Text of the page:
Journal of Religion and Health

, Volume 51, Issue 4, pp 1202–1215 | Cite as

Mevlana Jalāl-ad-Dīn Rumi and Mindfulness

Original Paper

Abstract

The use of mindfulness-related methods for the treatment of a variety of psychological, somatic and interpersonal problems has increased dramatically in the last decade. Almost all mindfulness-based therapies include the practice of meditation in addition to various cognitive and/or behavioral techniques. The source of inspiration for mindfulness has traditionally been Buddhism, while Islamic thought has not been present in this development despite the similarities in philosophy and a growing need for mental health support among Muslim populations throughout the world. It is in this context that Sufism and especially Rumi’s teachings seem to be promising both in terms of research on consciousness and in terms of culturally sensitive methods of healing. The aim of the present article is to highlight the commonality of mindfulness-based therapies and Rumi’s religious philosophy. Introducing concepts, images and metaphors based on Rumi’s universe can constitute a meaningful alternative to Buddhist-inspired practices in the transcultural clinic, especially in encounters with clients with Muslim background.

Keywords

Mindfulness Transcultural Psychotherapy Rumi Sufism Meditation 

References

  1. Atran, S. (2002). Neuro-theology: Brain, science, spirituality & religious experience. California: University Press.Google Scholar
  2. Baer, R. A. (2003). Mindfulness training as a clinical intervention: A conceptual and empirical review. Clinical Psychology: Science and Practice, 10(2), 125–143.CrossRefGoogle Scholar
  3. Baer, R. A., Hopkins, J., Krietemeyer, J., Smith, G. T., & Toney, L. (2006). Using self-report assessment methods to explore facets of mindfulness. Assessment, 13(1), 27–45.PubMedCrossRefGoogle Scholar
  4. Bremner, J. D. (2007). Neuroimaging in posttraumatic stress disorder and other stress-related disorders. Neuroimaging Clinics of North America, 17(4), 523–538.PubMedCrossRefGoogle Scholar
  5. Brown, K. W., Ryan, R. M., & Creswell, J. D. (2007). Mindfulness: Theoretical foundations and evidence for its salutary effects. Psychological Inquiry, 18, 211–237.CrossRefGoogle Scholar
  6. Cahn, B. R., & Polich, J. (2006). Meditation states and traits: EEG, ERP, and neuroimaging studies. Psychological Bulletin, 132, 180–211.PubMedCrossRefGoogle Scholar
  7. Csikszentmihalyi, M. (1975). Beyond boredom and anxiety. San Francisco: Jossey-Bass.Google Scholar
  8. Csikszentmihalyi, M. (1990). The psychology of optimal experience. New York: Harper & Row.Google Scholar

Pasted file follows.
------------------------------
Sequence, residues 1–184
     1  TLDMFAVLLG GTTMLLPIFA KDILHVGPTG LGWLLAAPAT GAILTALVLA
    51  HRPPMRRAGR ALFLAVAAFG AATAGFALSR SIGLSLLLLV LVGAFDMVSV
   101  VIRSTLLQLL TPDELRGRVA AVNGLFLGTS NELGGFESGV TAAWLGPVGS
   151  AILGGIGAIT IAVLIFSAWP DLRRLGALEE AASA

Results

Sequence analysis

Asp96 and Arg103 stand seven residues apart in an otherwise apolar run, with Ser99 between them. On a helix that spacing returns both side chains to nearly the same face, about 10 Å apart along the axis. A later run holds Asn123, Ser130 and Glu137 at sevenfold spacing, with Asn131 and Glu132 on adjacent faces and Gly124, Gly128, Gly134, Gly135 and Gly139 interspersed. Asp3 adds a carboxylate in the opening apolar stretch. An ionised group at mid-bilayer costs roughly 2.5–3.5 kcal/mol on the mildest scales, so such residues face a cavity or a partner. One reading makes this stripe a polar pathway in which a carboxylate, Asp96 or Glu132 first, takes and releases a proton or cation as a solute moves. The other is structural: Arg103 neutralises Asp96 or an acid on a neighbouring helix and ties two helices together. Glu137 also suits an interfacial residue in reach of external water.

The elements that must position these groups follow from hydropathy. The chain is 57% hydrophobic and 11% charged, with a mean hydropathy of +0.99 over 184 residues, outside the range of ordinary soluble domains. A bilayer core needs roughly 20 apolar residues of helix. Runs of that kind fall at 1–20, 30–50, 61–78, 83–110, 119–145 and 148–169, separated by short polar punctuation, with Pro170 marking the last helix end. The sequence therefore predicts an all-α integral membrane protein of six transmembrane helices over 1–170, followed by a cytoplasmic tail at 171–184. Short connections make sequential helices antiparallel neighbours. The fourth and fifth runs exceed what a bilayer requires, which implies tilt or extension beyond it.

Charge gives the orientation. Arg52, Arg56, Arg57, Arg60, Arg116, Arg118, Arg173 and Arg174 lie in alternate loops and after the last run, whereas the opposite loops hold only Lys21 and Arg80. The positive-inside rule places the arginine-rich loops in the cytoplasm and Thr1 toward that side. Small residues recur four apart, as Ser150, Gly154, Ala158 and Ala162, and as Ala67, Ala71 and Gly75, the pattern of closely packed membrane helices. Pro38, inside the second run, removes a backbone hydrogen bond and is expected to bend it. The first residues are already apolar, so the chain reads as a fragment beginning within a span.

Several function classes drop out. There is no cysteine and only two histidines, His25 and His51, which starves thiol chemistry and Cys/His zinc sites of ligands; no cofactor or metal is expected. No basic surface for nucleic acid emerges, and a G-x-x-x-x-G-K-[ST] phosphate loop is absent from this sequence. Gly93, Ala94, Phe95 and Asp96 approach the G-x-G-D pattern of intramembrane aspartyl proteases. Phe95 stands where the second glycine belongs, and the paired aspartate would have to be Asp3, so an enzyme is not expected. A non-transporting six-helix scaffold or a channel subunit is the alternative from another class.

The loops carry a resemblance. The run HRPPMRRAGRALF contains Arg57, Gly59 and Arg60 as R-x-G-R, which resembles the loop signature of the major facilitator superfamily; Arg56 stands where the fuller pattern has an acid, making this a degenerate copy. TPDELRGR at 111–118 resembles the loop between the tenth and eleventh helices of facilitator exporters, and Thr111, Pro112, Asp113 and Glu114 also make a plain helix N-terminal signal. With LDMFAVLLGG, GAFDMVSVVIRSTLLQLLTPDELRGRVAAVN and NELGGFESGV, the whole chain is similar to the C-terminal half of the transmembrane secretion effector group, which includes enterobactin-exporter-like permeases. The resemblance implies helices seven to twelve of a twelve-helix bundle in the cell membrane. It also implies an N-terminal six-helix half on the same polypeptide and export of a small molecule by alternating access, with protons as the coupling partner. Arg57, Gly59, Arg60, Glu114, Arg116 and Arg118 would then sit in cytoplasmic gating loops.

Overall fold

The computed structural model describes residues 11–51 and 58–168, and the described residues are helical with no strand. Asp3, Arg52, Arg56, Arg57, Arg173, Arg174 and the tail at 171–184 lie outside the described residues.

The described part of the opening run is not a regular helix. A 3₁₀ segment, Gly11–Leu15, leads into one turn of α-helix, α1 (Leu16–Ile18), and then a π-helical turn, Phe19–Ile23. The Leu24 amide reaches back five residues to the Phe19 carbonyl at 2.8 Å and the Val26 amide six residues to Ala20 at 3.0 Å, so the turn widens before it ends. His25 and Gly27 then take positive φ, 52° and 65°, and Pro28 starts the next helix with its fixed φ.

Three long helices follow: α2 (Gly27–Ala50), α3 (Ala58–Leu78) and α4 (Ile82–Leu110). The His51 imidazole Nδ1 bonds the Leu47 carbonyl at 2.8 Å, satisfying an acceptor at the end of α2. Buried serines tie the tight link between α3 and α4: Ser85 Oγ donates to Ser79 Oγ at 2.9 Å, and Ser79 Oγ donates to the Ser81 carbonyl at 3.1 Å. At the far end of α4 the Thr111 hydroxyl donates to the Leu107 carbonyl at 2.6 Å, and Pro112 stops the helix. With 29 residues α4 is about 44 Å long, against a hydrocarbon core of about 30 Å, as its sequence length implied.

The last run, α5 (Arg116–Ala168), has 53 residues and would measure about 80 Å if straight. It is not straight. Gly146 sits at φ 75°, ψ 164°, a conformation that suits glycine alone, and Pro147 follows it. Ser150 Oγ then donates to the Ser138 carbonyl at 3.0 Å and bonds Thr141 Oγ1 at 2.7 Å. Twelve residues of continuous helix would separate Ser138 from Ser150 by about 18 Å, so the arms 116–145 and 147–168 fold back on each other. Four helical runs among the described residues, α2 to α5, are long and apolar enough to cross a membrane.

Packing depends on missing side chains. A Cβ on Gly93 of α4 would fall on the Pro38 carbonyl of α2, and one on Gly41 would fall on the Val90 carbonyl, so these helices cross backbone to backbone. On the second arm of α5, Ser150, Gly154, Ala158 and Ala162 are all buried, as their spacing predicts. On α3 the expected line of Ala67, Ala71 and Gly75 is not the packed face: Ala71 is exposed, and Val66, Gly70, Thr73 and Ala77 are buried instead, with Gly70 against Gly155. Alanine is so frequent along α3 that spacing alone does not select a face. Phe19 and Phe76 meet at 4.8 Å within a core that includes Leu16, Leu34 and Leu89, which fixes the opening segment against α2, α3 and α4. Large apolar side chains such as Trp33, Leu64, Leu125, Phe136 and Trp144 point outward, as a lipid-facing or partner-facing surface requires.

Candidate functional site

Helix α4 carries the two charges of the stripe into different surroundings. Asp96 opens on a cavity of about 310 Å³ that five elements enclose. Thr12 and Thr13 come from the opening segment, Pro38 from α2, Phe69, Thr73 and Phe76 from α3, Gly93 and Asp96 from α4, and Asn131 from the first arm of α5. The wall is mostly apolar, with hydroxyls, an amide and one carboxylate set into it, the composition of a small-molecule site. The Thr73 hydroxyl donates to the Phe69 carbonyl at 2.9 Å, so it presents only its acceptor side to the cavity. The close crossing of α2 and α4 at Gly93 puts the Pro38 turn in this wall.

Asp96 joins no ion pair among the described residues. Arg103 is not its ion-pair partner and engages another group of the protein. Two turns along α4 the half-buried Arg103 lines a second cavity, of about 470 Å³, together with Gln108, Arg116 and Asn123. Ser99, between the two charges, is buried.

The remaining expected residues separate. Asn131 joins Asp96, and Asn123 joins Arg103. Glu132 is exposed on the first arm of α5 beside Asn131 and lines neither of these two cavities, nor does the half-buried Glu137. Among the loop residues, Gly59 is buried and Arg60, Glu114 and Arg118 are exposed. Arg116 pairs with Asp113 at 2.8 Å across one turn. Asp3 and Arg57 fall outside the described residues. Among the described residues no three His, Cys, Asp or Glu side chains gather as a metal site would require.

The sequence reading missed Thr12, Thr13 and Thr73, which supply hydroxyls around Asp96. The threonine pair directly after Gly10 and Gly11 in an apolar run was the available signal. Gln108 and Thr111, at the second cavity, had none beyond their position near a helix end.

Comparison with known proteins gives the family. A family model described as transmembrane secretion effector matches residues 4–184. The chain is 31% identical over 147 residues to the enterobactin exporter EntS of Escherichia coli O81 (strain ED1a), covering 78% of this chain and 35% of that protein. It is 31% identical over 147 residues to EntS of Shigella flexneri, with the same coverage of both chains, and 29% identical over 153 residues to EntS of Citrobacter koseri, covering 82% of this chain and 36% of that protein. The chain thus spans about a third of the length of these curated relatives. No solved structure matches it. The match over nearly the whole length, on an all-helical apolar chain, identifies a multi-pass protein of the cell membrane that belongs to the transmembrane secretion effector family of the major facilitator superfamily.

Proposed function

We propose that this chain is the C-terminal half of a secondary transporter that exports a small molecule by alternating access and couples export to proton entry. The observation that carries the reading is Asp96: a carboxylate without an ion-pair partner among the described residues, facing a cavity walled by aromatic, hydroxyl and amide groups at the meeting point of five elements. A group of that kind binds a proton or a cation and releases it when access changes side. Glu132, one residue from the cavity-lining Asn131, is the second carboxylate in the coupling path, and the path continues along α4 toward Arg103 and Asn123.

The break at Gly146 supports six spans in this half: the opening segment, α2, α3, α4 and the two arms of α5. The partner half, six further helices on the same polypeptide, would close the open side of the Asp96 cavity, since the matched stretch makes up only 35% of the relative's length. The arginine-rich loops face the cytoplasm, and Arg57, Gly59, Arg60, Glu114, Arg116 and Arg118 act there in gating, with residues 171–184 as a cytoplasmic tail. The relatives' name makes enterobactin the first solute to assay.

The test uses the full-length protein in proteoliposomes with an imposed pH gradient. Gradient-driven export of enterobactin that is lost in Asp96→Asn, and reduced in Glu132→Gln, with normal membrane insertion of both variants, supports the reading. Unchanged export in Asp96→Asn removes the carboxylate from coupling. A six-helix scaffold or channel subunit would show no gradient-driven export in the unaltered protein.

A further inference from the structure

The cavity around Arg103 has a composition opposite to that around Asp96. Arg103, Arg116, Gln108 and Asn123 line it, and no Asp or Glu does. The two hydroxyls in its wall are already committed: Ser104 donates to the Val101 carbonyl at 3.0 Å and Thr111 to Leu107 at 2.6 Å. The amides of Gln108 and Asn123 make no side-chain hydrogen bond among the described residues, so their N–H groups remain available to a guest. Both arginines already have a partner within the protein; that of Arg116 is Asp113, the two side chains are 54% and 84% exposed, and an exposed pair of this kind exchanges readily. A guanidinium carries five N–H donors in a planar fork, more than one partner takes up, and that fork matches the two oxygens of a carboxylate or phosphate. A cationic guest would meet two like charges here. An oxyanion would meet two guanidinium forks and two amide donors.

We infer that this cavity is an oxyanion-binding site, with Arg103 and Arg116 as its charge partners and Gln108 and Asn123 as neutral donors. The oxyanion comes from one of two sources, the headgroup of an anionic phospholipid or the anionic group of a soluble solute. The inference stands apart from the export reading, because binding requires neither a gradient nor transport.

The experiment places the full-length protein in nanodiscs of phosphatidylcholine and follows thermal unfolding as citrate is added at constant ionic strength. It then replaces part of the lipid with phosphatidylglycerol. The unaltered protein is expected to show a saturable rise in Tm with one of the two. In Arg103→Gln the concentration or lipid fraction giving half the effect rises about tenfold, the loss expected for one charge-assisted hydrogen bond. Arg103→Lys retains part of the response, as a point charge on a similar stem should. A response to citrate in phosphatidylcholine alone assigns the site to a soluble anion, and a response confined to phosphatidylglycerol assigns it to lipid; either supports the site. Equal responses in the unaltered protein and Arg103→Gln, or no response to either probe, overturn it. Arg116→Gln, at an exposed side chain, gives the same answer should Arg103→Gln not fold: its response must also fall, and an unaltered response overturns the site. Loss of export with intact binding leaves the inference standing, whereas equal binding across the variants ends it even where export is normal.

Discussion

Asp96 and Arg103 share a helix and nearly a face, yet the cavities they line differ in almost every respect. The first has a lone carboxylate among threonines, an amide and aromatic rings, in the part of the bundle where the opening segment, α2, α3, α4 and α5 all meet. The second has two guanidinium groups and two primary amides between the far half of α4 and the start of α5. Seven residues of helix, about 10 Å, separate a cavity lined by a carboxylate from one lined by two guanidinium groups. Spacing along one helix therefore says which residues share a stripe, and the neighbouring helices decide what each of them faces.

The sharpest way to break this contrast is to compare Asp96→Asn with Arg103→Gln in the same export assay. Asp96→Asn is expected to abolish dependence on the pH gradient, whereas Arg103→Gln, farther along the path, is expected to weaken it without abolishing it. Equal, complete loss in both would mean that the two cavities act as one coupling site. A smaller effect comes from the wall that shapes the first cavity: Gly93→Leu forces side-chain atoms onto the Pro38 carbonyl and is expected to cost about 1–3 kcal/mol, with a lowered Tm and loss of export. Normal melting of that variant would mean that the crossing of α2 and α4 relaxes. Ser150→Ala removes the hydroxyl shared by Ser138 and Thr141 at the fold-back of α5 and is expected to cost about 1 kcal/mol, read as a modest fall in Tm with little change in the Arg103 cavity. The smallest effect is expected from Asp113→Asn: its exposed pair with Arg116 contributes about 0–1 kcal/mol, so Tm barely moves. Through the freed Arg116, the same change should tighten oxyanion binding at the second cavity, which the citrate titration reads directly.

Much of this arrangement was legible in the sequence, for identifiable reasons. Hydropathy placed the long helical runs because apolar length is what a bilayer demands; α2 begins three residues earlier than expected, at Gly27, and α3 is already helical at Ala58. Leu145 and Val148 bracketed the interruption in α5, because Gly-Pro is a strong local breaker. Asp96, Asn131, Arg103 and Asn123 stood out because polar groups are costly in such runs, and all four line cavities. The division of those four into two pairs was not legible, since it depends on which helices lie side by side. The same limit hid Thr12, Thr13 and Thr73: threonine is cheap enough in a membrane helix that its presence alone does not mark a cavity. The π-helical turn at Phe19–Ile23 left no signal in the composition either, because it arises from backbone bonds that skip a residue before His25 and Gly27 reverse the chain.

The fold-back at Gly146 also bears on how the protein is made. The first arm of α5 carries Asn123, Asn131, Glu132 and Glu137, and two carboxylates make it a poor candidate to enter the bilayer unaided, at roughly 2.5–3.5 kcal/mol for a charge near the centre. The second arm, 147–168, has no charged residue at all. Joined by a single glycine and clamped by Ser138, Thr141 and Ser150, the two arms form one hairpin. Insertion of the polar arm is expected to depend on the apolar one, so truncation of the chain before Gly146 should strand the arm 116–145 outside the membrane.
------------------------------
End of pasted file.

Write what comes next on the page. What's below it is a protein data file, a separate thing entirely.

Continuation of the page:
9. D’Aquili, E., & Newberg, A. B. (1998). The neuropsychological basis of religions, or why God won’t go away. Zygon, 33, 187–201.CrossRefGoogle Scholar
  10. Davidson, R. J. (2003). Affective neuroscience and psychophysiology: Toward a synthesis. Psychophysiology, 40(5), 655–665.PubMedCrossRefGoogle Scholar
  11. Douglas-Klotz, N. (2002). The key in the dark: Self and soul transformation in the Sufi tradition. In S. G. Mijares (Ed.), Modern psychology and ancient wisdom. NY: Haworth Press.Google Scholar
  12. Eco, U., & Weaver, W. (1998). Serendipities: Language and lunacy. New York: Columbia University Press.Google Scholar
  13. Elsass, P. (in press). Buddhistisk psykologi. Copenhagen: Dansk Psykologisk Forlag.Google Scholar
  14. Friedlander, S. (1992). The whirling dervishes: An account of the Sufi order known as the Mevlevis and its founder the poet and mystic Mevlana Jalalu'ddin Rumi. New York: State University of New York Press.Google Scholar
  15. Froggett, L. (2001). From rights to recognition: Mental health and spiritual healing among older Pakistanis. Psychoanalytic Studies, 3, 2.CrossRefGoogle Scholar
  16. Greeley, A. M. (1989). Religious change in America. Cambridge: Harvard University Press.Google Scholar
  17. Gutierrez, O., Luciano, C., & Fink, B. C. (2004). Comparison between an acceptance-based and a cognitive-control-based protocol for coping with pain. Behavior Therapy, 35, 767–784.CrossRefGoogle Scholar
  18. Hayes, S. C., & Plumb, J. C. (2007). Mindfulness from the bottom up: Providing an inductive framework for understanding mindfulness processes and their application to human suffering. Psychological Inquiry, 18(4), 242–248.CrossRefGoogle Scholar
  19. Hayes, S. C., Strosahl, K., & Wilson, K. G. (1999). Acceptance and commitment therapy: An experiential approach to behavior change. New York: Guilford Press.Google Scholar
  20. Helminski, K. (2000). The knowing heart: A Sufi path of transformation. Boston: Shambhala.Google Scholar
  21. Ivanovski, B., & Malhi, G. S. (2007). The psychological and neurophysiological concomitants of mindfulness forms of meditation. Acta Neuropsychiatrica, 19, 76–91.CrossRefGoogle Scholar